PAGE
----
Daily Devotions


Day 75

A Model Prayer

Text: Matthew 6 : 1 - 18

What a brilliant idea Jesus came up with when He gave to His disciples a model prayer, commonly called “The Lord’s Prayer”. How do we interpret and apply this model prayer Jesus taught?

1. Was it meant to be Recited As a Prayer?

Some have used the Lord’s Prayer as a personal prayer. Others use it as part of the corporate Church worship service. Still others commend it as a prayer that binds the church community together in worship.

A careful study of the context would indicate that this is not the best way to interpret and apply this text. Jesus clearly warned against “vain repetition”. Would not the recitation of this prayer be an example of what Jesus clearly forbade?

To understand the Lord’s Prayer as something to recite would go against the very concept of prayer as a relationship with God. How significant would any relationship be if there was a constant repetition of a set prayer?

2. Was it meant to be a Pattern to Follow After?

Obviously, another interpretation and application must be sought. The alternative suggestion is that we should look at this model prayer as a “pattern”. Everything seems to suggest that this understanding is the right one.

The very introduction Jesus uttered suggests that this model prayer was meant to be only a pattern. Let us study carefully what Jesus said,

“In this manner, therefore pray…”
Matthew 6:9a

The key word to note is the word “manner”. Jesus could not have given this model prayer to be merely recited. He would have contradicted Himself otherwise. The word “manner” suggests a “pattern”.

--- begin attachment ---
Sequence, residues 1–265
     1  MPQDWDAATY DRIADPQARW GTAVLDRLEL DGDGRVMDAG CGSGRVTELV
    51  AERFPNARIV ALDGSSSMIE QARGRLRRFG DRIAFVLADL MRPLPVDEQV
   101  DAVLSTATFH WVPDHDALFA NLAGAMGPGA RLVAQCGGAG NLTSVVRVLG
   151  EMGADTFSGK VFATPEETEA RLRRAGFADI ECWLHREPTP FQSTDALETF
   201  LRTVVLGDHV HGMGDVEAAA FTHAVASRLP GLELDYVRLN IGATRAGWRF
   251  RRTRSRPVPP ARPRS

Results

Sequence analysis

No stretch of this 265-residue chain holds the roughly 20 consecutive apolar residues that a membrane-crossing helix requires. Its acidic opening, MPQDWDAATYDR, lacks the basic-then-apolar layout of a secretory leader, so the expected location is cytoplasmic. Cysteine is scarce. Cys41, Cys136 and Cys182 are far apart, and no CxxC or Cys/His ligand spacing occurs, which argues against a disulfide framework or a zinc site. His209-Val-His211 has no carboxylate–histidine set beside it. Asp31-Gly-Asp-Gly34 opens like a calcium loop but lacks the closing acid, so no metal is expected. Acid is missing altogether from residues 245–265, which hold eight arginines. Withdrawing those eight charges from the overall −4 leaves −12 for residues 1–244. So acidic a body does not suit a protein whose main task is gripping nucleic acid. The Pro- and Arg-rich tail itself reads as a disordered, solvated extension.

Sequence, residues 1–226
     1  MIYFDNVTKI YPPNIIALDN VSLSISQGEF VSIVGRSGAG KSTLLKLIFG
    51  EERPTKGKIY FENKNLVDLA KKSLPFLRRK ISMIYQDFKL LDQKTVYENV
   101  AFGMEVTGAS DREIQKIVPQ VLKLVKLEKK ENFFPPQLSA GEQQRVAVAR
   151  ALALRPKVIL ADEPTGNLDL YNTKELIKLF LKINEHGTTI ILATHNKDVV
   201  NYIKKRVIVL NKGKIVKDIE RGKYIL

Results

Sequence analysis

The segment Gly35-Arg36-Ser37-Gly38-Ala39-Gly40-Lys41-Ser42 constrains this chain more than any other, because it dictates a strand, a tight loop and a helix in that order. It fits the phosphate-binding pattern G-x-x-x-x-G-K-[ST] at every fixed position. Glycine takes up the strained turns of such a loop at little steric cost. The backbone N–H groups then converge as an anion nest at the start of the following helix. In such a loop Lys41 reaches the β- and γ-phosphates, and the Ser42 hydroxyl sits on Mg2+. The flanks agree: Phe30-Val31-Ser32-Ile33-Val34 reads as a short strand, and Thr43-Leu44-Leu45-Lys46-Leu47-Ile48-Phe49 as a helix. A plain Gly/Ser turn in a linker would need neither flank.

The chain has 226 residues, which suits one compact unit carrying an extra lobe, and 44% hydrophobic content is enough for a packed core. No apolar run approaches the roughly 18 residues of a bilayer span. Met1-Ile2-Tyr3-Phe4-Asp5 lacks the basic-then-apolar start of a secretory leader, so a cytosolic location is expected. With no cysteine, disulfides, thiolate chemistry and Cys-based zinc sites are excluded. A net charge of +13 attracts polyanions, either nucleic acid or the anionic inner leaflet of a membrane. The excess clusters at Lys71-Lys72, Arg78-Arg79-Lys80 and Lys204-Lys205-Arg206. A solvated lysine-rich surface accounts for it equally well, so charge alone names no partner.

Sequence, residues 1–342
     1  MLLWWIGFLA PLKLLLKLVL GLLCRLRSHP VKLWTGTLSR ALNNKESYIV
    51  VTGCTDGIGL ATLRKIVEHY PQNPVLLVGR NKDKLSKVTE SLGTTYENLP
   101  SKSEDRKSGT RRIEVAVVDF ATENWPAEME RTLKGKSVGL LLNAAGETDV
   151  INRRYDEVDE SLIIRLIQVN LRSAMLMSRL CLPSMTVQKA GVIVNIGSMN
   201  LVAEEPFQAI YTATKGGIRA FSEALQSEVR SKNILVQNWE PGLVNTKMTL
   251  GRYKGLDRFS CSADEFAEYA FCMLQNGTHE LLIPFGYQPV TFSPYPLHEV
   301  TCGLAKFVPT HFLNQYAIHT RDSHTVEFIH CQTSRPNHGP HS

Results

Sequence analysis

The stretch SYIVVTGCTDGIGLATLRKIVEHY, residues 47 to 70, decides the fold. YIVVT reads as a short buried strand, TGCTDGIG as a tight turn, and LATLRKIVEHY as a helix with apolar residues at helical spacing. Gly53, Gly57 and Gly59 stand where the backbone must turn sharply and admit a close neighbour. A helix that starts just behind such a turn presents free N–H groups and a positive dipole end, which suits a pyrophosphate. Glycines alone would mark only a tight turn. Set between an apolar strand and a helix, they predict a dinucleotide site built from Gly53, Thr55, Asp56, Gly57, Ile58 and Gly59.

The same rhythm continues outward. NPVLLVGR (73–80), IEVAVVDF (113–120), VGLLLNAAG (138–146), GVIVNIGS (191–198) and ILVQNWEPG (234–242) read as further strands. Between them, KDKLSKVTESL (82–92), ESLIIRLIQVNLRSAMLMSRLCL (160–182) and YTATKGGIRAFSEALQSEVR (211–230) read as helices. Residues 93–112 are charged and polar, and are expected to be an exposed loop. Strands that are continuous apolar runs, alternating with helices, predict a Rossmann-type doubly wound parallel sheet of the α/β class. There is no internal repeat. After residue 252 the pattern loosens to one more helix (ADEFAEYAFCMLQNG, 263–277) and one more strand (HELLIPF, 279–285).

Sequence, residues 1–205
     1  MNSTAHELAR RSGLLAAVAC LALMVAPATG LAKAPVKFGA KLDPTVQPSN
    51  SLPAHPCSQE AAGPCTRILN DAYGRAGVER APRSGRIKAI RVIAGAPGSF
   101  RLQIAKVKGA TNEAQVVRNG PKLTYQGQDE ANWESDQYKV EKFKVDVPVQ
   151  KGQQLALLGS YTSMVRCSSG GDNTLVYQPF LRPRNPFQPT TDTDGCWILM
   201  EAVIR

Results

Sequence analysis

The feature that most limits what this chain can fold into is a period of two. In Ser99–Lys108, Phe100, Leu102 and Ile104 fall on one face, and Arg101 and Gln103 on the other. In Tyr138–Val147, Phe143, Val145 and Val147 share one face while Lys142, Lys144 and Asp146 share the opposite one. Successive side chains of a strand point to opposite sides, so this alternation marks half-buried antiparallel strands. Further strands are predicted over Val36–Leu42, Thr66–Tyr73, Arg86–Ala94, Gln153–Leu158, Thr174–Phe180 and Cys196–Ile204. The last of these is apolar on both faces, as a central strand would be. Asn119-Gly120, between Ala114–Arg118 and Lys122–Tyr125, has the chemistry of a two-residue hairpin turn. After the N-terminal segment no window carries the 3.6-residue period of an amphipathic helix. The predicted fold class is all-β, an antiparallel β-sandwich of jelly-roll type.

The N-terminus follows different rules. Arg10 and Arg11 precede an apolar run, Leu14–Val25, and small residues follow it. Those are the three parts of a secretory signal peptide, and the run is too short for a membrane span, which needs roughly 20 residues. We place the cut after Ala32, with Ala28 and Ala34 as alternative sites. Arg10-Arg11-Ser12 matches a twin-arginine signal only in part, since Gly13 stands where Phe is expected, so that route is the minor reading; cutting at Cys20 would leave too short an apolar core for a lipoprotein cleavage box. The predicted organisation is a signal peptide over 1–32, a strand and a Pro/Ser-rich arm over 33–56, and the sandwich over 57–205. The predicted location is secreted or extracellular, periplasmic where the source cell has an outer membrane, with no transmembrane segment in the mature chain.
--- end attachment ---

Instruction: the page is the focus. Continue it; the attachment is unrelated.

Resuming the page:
The Lord’s Prayer would therefore form a framework upon which full prayers may be constructed. This would mean that every prayer offered to God would indeed be different one from another. Understanding and applying the Lord’s Prayer as a pattern to follow after would be in keeping with Jesus’ general teaching and practice in prayer.


Let us pursue the idea of The Lord’s Prayer as a “framework”. How would the Framework look if we were to analyse it in detail?

1. The Commencement of Prayer

How should prayer commence? Jesus taught His disciples to address all prayers to God as “Father”.

“Our Father in heaven…”
Matthew 6:9b

2. Consciousness of the Sanctity of God’s Name

The thoughtful petitioner who enters into the Presence of the Father should be most conscious of the great sanctity of God’s Name.

“Hallowed be Your Name.”
Matthew 6:9c

3. Concern for God’s Kingdom

Jesus sought to teach His disciples how they ought to give due and prayerful concern for matters involving God’s Kingdom.

” Your Kingdom come.”
Matthew 6:10

4. Commitment to do God’s Will

Every child of God should pray that he might be committed to understanding and doing God’s Will.

“Your will be done on earth as it is in heaven.”
Matthew 6:10

5. Confidence in God’s Provision

The believer may indeed petition God to provide for His daily needs. He must always pray with utmost confidence that God would take care of him.

“Give us this day our daily bread.”
Matthew 6:11

6. Confession of Sins

Attention must always be given to the confession of sins! The believer must also practise the concept of forgiving others of wrongdoing.

“And forgive us our debts as we forgive our debtors.”
Matthew 6:12

7. Coveting God’s Protection from the devil

The wise disciple is fully aware of the wicked activities of the evil one. He recognizes that on his own, he would never be able to triumph over the devil. Thus he seeks God’s protection.

“And do not lead us into temptation,
But deliver us from the evil one.”
Matthew 6:13a

8. Culmination of Prayer

Every prayer should go beyond a simple conclusion. Every disciple should culminate his prayer with a glorious ascription of God’s glory and power.

“For Yours is the kingdom and the power and
the glory forever. Amen.”
Matthew 6:13b